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Volusia parents and teachers give good reports about students’ return to the classrooms. Also this week, the school district announces a COVID-19 data dashboard.

By Andreas Butler, Daytona Tiimes

Students are escorted to Turie T. Small Elementary School in Daytona Beach on Monday morning.
[/media-credit] Students are escorted to Turie T. Small Elementary School in Daytona Beach on Monday morning.

After much anticipation, anxiety and uncertainty, the 2020-21 school year is underway.

It’s also the first time that Volusia County’s public schools are open since the coronavirus pandemic closed them back in March.

On Wednesday, the Volusia County school district released information on coronavirus cases.

The district reported eight COVID-19 cases, which includes two students and six staff members at four different locations. Those locations are noted as Creekside Middle (Port Orange), DeLand Middle, Port Orange Elementary and student transportation.

Also on Wednesday, the Daytona Times was alerted to a positive case at Turie T. Small Elementary School in Daytona Beach but could not confirm it by Wednesday’s press time.

Data dashboard

Volusia County Schools has created a COVID-19 data dashboard to inform parents, students, staff and the community about positive cases throughout the school district.

Schools impacted by COVID-19 cases will be listed along with the number of employees and students throughout the district.

The dashboard will be updated Wednesday and Friday after 2 p.m. Wednesday’s numbers will include the number of positive cases reported from Friday through Tuesday. Friday’s numbers will include the positive cases from Wednesday and Thursday.

The dashboard is posted on the Volusia County Schools’ website at

Concern, optimism

Parents contacted by the Times say they aren’t panicking, but there is concern.

Amanda Willis’ son, Jaylen Reeves, is a fourth grader at Turie T. Elementary.

“It is concerning. I haven’t heard anything. I’ll call the school tomorrow. I did let my son go back to school with the current safety measures in places,” Willis said.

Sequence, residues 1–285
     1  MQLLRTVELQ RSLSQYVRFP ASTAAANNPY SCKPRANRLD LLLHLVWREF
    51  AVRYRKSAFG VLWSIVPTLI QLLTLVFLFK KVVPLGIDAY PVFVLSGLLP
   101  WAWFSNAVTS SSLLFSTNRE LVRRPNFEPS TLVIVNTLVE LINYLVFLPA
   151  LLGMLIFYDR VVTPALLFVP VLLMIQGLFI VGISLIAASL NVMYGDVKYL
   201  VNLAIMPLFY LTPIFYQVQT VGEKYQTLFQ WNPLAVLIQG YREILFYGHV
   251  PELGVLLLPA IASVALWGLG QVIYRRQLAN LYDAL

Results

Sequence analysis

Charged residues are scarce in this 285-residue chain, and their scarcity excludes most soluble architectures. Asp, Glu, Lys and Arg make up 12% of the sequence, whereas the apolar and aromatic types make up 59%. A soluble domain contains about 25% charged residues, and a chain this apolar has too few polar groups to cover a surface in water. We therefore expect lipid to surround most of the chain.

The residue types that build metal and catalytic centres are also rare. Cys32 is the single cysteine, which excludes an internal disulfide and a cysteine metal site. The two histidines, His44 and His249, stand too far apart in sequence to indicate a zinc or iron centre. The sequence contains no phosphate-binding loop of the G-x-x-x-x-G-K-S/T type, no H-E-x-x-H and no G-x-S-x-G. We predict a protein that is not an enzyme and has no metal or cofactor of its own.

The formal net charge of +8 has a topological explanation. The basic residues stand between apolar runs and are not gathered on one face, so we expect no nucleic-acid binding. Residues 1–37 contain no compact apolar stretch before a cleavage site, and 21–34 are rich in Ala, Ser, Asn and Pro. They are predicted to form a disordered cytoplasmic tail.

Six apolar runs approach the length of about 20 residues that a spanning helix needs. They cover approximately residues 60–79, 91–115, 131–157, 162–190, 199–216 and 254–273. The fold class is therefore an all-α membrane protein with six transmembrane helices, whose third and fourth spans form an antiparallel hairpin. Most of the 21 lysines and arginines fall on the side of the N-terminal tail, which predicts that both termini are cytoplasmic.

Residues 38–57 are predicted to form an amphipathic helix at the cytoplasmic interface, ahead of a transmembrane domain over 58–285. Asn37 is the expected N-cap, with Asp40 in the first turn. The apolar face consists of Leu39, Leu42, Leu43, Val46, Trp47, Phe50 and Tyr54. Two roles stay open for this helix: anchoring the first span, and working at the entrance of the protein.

This year, the school district provided three educational options, including traditional brick-and-mortar classroom instruction, Volusia Live real-time streaming, and online at home learning.

Sharonda Griffin was optimistic with her kids being back at school. She walked her son, Breon, a second grader at Turie T. Small Elementary, to school on Monday morning.

“I let them go back. I am happy. I want to see how it’s going to go the first couple of weeks. I’m excited. The kids are excited. They wanted to go back,” she said.

A bus stops on South Street in Daytona Beach on Monday morning to pick up high school students.
[/media-credit] A bus stops on South Street in Daytona Beach on Monday morning to pick up high school students.

Safety measures

Griffin also has three daughters in high school. Two are attending Spruce Creek in Port Orange. Another is doing classes online through the online learning program.

“My daughter, who is doing online at home, pushed for it. It’s what is best for her. She has the drive to do it,” Griffin noted.

Some safety measures implemented by the school district include social distancing, wearing mask and face shields, plexiglass and plastic coverings, daily temperature checks, isolating sick students, disinfecting classes, making hand sanitizer available, disinfecting classrooms, and limiting visitors.

Safety measures may ease some fears, but coronavirus concerns remain.

“I am skeptical about whether it’s absolutely safe, but it looks like the schools have enough and adequate safety measures in the place. We’ll see how it goes,” Griffin added.

Teachers weigh in

Teacher Inga Lewis noted that the return had gone well the first two days of school. She teaches physical education at Palm Terrace Elementary in Daytona Beach.

“The kids are excited to be back. The teachers and staff are glad to accept them back with the new normal due to the safety procedures. I think things have gone smoothly for the first couple of days,’’ she told the Times.

Arthur Westbrook teaches English and math at Mainland High in Daytona.

We’re excited to see the kids. We haven’t seen them since March. We have a lot of safety precautions in place. I think it’s working so far here at Mainland. Hopefully, it continues to work.”

Big online increase

On Monday, the school district reported that 63 percent of its students are back in brick and-mortar classroom. Twenty-four percent are doing Volusia Live, where kids are at home but log onto a device where a teacher gives instruction. Fourteen percent of the county’s public school students are enrolled in Volusia Online Learning, where kids work from home online at their own pace.

The Volusia Online Learning has seen a great increase of students.

On Wednesday, Kelly Schultz, Volusia County Schools’ spokesperson confirmed via email, “We have a lot more. Last year, we around 100. This year it is about 9,000.”

Fewer in classrooms

Teachers also noticed fewer kids in class.

“The classes are definitely smaller. Some of it has to do with the safety measures put into place. Also, a lot of kids are doing online and live streaming. I hear some parents are waiting until November to see how it goes, then possibly will send kids back to traditional classroom,” Westbrook stated.

Lewis added, “Classes do look smaller. When they come to P.E., in one class I had eight kids. Kindergarten is coming staggered, sending students on different days and different times.”

The post ‘WORKING SO FAR’ appeared first on Daytona Times.

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